Wednesday, April 16, 2014

Ukraine refuses to take Russian bait

The new Kiev government is content for papers such as Le Monde to describe its
failure to suppress a Russian-backed revolt as humiliating.
So far the Ukrainian government has acted enough to satisfy its internal critics,
who are demanding action, without provoking an attack by the thousands of
Russian troops massed on its border.
If talks to end the crisis even begin in Geneva on Thursday, Russia, the European
Union, the Ukraine and the US are unlikely to even be able to agree on an
Meanwhile, even lean sanctions are already starting to stop any growth in the Russian
economy. The longer this crisis continues the more foreign investors will steer
clear of Moscow.
NATO also is moving, but slowly, to counter the Russian threat to its members. Every
week since the Russian force occupied Crimea in February, NATO has increased
the resources it is deploying along the borders with Russia.
Kiev and Brussels might recall the words of Napoleon, who warned his generals never
to interrupt the enemy when it is making a mistake.
But seen from Moscow, Russian President Vladimir Putin is winning everything but
the information war.
A New York Times headline said: “Russia Is Quick to Bend Truth About Ukraine.”
The Russian media, which has been strangled by Putin’s government in the past year with many journalists and editors fired, showed its complete lack of understanding of the Western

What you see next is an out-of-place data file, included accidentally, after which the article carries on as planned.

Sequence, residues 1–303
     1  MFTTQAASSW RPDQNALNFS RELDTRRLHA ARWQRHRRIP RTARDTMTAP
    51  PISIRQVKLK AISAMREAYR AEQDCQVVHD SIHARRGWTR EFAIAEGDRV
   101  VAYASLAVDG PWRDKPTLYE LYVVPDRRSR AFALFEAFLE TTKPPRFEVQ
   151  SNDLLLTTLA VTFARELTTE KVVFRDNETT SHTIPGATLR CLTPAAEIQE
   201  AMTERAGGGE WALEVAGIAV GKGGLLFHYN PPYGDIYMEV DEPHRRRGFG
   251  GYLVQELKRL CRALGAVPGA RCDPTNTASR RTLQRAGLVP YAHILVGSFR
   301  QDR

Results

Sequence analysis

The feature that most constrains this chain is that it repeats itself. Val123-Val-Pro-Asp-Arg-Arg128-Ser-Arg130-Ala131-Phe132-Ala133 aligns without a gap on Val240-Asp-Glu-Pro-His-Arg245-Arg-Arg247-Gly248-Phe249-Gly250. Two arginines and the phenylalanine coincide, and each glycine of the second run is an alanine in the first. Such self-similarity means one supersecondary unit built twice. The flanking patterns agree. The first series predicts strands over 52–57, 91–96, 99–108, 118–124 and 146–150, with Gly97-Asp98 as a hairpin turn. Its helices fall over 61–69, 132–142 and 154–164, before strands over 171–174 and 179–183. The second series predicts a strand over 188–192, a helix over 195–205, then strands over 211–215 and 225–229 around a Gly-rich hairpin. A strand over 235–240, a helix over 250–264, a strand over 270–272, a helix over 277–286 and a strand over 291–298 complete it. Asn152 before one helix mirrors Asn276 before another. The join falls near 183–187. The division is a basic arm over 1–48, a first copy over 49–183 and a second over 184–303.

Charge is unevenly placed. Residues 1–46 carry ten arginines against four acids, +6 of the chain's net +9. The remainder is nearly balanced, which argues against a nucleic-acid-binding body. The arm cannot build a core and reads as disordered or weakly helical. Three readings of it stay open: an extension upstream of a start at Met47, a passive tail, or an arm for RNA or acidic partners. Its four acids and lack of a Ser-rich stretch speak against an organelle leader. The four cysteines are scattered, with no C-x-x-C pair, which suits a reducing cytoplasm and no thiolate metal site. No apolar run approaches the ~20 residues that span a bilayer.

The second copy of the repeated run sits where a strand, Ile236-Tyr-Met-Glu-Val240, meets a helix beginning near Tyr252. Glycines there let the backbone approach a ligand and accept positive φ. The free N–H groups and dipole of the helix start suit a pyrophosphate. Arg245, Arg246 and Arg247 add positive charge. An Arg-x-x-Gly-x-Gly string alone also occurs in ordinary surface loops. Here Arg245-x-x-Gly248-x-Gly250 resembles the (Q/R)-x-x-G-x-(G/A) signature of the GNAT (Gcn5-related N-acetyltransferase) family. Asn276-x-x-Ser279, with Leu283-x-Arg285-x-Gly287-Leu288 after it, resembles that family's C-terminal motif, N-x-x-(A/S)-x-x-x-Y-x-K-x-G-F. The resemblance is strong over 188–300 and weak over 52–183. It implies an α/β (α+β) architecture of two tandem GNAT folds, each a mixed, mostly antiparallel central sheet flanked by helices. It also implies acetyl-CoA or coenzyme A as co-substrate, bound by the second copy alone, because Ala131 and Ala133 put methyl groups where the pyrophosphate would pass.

Putin’s spokesman, Dmitry Peskov, said on Russian Television: “We have never seen
anything like this before.” He said the European media was denying
Europeans  “the right to the free choice of information,” the French newspaper Le Monde reported.
The New York Times, referring to Russian Prime Minister Dmitri Medvedev as the good
cop with Putin the bad cop, quoted him as claiming “the threat of civil war
The Times said: “And so began another day of bluster and hyperbole, of the
misinformation, exaggerations, conspiracy theories, overheated rhetoric and,
occasionally, outright lies about the political crisis in Ukraine that have
emanated from the highest echelons of the Kremlin and reverberated on
state-controlled Russian television, hour after hour, day after day, week after
Baby Boomers it truly was the Cold War again. Moscow has shut down the Russian
broadcasting facility of the Voice of America. It remained to be seen whether
Putin, who fears a march on his country by gays and lesbians from Brussels,
will ban Western rock music. Such a prohibition made VOA a must-listen station
for decades.
“Our Russian neighbors are constructing a new Berlin Wall, and they want to return
to the period of the Cold War,” Ukrainian Prime Minister Arseniy Yatsenyuk said
in a nationally


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